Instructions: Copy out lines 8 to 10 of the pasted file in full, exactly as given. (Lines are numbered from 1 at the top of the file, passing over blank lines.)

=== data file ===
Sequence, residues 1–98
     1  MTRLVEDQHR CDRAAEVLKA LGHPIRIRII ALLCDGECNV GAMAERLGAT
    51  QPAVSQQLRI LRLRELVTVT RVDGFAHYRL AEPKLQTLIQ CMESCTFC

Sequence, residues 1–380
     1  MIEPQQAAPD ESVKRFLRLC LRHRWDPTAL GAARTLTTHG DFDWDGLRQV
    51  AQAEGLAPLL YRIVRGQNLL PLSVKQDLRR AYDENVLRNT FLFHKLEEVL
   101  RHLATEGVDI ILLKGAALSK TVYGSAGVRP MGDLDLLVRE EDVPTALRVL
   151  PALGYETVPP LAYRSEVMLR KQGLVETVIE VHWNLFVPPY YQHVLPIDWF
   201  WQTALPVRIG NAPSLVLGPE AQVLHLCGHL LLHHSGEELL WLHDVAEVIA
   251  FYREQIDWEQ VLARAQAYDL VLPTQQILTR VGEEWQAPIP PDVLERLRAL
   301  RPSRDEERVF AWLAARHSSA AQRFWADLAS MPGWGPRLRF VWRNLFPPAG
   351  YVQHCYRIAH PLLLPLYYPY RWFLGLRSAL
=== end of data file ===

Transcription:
   151  PALGYETVPP LAYRSEVMLR KQGLVETVIE VHWNLFVPPY YQHVLPIDWF
   201  WQTALPVRIG NAPSLVLGPE AQVLHLCGHL LLHHSGEELL WLHDVAEVIA
   251  FYREQIDWEQ VLARAQAYDL VLPTQQILTR VGEEWQAPIP PDVLERLRAL